NY Times 
February 8, 2013
WASHINGTON — Since 1978, a secret court in Washington has approved national security eavesdropping on American soil — operations that for decades had been conducted based on presidential authority alone.
Now, in response to broad dissatisfaction with the hidden bureaucracy directing lethal drone strikes, there is an interest in applying the model of the Foreign Intelligence Surveillance Act  court — created by Congress so that surveillance had to be justified to a federal judge — to the targeted killing of suspected terrorists, or at least of American suspects.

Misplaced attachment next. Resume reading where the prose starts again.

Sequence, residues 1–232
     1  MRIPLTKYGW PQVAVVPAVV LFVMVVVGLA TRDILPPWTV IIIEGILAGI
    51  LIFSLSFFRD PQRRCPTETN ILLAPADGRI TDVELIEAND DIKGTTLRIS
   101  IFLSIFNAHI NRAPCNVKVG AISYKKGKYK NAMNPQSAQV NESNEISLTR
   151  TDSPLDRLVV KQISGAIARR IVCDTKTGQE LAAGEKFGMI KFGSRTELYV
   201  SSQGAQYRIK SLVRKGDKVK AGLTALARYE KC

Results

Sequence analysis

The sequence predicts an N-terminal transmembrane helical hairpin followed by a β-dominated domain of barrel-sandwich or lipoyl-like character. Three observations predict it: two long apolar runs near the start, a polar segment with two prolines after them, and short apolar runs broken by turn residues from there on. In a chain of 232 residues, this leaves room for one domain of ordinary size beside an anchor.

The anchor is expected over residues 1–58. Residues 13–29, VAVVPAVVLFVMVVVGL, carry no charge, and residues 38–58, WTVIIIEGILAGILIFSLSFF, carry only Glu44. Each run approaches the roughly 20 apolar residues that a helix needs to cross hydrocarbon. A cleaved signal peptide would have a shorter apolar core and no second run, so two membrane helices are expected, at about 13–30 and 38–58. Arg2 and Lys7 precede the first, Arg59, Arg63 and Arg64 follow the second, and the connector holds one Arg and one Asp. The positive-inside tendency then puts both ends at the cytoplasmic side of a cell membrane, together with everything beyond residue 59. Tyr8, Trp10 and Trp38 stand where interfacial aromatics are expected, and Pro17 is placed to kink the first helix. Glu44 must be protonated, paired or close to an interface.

“We’ve gone from people scoffing at this to it becoming a fit subject for polite conversation,” said Robert M. Chesney, a law professor at the University of Texas. He said court approval for adding names to a counterterrorism kill list — at least for American citizens abroad — “is no longer beyond the realm of political possibility.”
A drone court would face constitutional, political and practical obstacles, and might well prove unworkable, according to several legal scholars and terrorism experts. But with the war in Afghanistan winding down, Al Qaeda fragmenting into hard-to-read offshoots and the 2001 terrorist attacks receding into the past, they said, it is time to consider how to forge a new, trustworthy and transparent system to govern lethal counterterrorism operations.